Berliner Dimitri Hegemann to discuss plans for Fisher Body 21 at community talk on Nov. 29. FInd out more here.
A beautiful article and Interview about our vision for Detroit here (in french).
Techno clubs were key to the regeneration of Germany’s capital in the 1990s and now they’re looking to help the city that inspired them in the first place – Detroit. Spearheading the Detroit-Berlin Connection project is Dimitri Hegemann.
via NPR music news
The Post-Post-Apocalyptic Detroit : Read more here .
Where Detroit Sees a Derelict Factory, Berliners See a Techno Dance Club. Jack Nicas on the potential plans he sees for Fisher Body 21 , published on October 14th here .
A very nice view on the Detroit-Berlin Connection and the plans for Fisher Body 21 featured by the online magazine The Hundred here .
An interesting read about Fisher Body 21 here !
.. find out more here.
Another perspective on the Fisher Body 21 plans on pulsradio here.
This is about a musical connection going back more than 20 years, when Detroit techno provided the beat to a newly liberated East Berlin after the wall fell.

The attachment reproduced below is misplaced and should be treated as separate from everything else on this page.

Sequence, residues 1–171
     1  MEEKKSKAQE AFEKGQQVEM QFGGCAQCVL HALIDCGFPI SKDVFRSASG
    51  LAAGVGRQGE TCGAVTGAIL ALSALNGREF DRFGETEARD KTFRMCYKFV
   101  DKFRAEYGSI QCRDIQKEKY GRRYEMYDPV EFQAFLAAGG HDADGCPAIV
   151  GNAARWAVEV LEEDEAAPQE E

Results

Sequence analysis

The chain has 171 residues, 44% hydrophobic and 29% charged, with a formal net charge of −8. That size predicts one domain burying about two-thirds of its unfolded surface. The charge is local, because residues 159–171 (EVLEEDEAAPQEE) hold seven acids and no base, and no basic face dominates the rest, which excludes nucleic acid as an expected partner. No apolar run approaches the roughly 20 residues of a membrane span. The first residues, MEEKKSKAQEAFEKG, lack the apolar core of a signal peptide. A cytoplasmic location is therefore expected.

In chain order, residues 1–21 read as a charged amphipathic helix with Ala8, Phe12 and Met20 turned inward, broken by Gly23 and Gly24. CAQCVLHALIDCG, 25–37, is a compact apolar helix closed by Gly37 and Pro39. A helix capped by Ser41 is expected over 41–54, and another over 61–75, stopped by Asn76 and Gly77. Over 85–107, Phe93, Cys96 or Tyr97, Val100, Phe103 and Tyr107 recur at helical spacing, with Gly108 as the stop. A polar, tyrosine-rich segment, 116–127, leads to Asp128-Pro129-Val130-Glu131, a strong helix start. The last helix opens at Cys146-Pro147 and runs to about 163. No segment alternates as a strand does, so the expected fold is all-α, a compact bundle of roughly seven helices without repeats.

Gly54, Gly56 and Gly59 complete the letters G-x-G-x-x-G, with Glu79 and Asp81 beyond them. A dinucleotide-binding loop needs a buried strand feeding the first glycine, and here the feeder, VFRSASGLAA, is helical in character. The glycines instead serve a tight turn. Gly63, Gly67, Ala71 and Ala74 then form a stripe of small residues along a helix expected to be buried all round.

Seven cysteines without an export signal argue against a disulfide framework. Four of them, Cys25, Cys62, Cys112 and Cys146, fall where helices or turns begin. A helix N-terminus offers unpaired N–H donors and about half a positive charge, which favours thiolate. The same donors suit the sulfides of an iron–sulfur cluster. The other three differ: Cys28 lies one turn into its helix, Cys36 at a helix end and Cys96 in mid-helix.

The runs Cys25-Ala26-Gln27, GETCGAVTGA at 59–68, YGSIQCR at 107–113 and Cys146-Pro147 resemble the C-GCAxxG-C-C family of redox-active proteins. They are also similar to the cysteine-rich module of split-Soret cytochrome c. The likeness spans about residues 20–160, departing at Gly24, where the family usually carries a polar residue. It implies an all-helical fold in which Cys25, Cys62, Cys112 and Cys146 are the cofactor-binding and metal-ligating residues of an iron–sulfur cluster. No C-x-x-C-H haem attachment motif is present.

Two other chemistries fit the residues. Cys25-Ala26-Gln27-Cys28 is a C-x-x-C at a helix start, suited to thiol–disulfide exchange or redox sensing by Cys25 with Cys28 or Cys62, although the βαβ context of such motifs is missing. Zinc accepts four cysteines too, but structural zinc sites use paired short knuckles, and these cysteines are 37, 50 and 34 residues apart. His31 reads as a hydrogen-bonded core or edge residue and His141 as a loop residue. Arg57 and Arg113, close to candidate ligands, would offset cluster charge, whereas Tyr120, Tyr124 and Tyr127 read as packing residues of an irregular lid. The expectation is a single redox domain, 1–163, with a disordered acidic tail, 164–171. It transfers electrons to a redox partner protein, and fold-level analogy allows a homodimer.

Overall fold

A version of the article in the german edition of the WJS you can find here .
The Detroit Berlin Connection aims to give the city of Detroit a new cultural center. The location; former Fisher Body 21 plant in Detroit, an industrial building designed by Albert Kahn in 1921 and closed in 1994.
The Detroit Berlin Connection, was started in late 2013 by Berlin social/cultural entrepreneur Dimitri Hegemann – with the aim of assisting in the regeneration and renewal of Detroit.
The concept and the vision of the Fisher Body 21 project corresponds to city’s personality: the raw, imperfect, unfinished framing, the clash of old and new and quiet and loud – yet huge potential.